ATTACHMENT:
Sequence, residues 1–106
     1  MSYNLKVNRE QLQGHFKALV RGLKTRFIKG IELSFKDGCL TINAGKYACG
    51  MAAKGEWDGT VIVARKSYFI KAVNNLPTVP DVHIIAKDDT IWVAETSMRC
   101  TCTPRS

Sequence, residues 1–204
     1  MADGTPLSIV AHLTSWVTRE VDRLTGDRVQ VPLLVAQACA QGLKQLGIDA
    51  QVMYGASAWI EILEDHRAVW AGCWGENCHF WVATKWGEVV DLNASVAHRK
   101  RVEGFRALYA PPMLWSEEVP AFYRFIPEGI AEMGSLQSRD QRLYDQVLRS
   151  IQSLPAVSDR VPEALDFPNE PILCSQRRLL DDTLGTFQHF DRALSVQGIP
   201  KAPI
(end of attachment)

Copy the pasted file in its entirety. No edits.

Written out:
Sequence, residues 1–106
     1  MSYNLKVNRE QLQGHFKALV RGLKTRFIKG IELSFKDGCL TINAGKYACG
    51  MAAKGEWDGT VIVARKSYFI KAVNNLPTVP DVHIIAKDDT IWVAETSMRC
   101  TCTPRS

Sequence, residues 1–204
     1  MADGTPLSIV AHLTSWVTRE VDRLTGDRVQ VPLLVAQACA QGLKQLGIDA
    51  QVMYGASAWI EILEDHRAVW AGCWGENCHF WVATKWGEVV DLNASVAHRK
   101  RVEGFRALYA PPMLWSEEVP AFYRFIPEGI AEMGSLQSRD QRLYDQVLRS
   151  IQSLPAVSDR VPEALDFPNE PILCSQRRLL DDTLGTFQHF DRALSVQGIP
   201  KAPI